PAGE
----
Data Is Plural

... is a weekly newsletter of useful/curious datasets.

2023.09.27 edition

Linked historical censuses, fracking fluids, Europopulism, GitHub metrics, and ancient places.

Censuses, linked. The Census Tree, developed by Kasey Buckles et al., “is the largest-ever database of record links among the historical U.S. censuses, with over 700 million links for people living in the United States between 1850 and 1940.” By the team’s estimates, the dataset “includes over 70% of the possible links that could be made for men, and over 60% of possible links for women.” To build it, the researchers began with genealogy records from, developed a machine learning algorithm to identify additional links, and incorporated data from other census-linking projects. Each Census Tree row connects an individual’s IPUMS identifier in one decade’s census to their identifier in another. Per the project’s instructions, you’ll need to download the Census data itself from IPUMS.

Fracking fluids. Since launching in 2011, FracFocus has become the largest registry of hydraulic fracturing chemical disclosures in the US. The database, available to explore online and download in bulk, contains 210,000+ such disclosures from fracking operators; it details the location, timing, and water volume of each fracking job, plus the names and amounts of chemicals used. The project is managed by the Ground Water Protection Council, “a nonprofit 501(c)6 organization whose members consist of state ground water regulatory agencies”. As seen in: The latest installment of the New York Times’ Uncharted Water series.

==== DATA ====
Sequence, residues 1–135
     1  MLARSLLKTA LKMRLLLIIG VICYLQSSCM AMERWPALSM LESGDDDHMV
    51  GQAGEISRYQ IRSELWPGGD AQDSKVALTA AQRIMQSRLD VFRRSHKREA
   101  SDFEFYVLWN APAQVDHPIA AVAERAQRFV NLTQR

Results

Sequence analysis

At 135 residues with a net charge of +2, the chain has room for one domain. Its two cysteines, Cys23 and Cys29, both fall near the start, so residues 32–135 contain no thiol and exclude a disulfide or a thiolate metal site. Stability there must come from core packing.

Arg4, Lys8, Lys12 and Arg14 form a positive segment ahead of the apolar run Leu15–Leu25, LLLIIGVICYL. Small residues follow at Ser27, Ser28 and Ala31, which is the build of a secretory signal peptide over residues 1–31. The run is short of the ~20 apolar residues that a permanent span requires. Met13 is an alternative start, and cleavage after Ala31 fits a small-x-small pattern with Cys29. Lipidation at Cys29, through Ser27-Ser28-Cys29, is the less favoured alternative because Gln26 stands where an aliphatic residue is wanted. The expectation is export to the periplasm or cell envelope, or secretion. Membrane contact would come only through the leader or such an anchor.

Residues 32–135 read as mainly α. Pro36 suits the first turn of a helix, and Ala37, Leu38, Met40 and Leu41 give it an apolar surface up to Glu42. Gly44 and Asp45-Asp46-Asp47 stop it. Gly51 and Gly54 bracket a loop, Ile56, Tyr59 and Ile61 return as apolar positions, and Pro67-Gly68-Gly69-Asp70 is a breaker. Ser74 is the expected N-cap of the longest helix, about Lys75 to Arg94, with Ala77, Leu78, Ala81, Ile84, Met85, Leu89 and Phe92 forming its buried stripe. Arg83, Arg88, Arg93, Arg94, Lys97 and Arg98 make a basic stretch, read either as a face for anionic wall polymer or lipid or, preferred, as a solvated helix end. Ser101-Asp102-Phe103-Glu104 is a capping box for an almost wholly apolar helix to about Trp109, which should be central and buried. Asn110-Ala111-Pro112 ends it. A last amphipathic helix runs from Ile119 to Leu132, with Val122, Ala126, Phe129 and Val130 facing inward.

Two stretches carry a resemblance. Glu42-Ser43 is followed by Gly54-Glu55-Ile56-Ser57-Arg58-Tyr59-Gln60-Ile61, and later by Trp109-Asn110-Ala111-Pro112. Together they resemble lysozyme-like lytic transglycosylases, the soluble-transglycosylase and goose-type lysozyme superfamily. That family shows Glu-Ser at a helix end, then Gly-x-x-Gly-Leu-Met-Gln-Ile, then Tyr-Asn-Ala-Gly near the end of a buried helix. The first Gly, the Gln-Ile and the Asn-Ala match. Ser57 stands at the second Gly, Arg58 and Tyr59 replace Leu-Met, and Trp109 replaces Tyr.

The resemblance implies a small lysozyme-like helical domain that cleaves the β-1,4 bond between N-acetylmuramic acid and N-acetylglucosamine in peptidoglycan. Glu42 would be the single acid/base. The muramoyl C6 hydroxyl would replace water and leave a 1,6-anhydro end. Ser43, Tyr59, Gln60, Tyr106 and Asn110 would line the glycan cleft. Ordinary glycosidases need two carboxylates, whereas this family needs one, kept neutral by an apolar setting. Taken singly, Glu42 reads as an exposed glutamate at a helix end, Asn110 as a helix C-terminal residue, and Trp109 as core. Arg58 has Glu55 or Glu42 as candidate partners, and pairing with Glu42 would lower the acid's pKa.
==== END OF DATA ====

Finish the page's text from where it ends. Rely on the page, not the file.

Europopulism. The PopuList, constructed by Matthijs Rooduijn et al., “offers academics and journalists an overview of populist, far-left and far-right parties in Europe from 1989 until 2022.” Version 3.0 of the dataset, released last month, lists each party’s country, local/English names, presence in parliament, and identifiers in the Party Facts (DIP 2019.01.16) and ParlGov (DIP 2018.09.19) databases. It also indicates whether the project’s comparativists and country experts classified the party (outright or “borderline”) as populist, far-right, far-left, and/or euroskeptic, and for which time periods.

GitHub metrics. GitHub’s new Innovation Graph datasets present a range of quarterly metrics on the code-sharing site, aggregated by “economy” — a concept similar to “country” but slightly broader. (Antarctica is an “economy” in the data, for example.) The datasets count the number of developers based in each economy, their repositories and code pushes, most-used programming languages, and more. As noted in the project’s datasheet, the locations are based on IP addresses, so VPN usage may distort the results. Previously: More-granular GitHub activity via the GH Archive (DIP 2018.02.21). [h/t Kevin Xu]

Ancient places. Pleiades, “a community-built gazetteer and graph of ancient places,” has collected data on 40,000+ settlements, roads, rivers, monuments, and many other types of landmarks. It also describes the relationships between them — linking, for instance, the Parthenon to the Acropolis and the Acropolis to Athens. Related: ORBIS: The Stanford Geospatial Network Model of the Roman World. Previously: Roman amphitheaters (DIP 2022.06.08) and the Digital Atlas of Roman and Medieval Civilizations (DIP 2020.06.24). [h/t Avi Levin]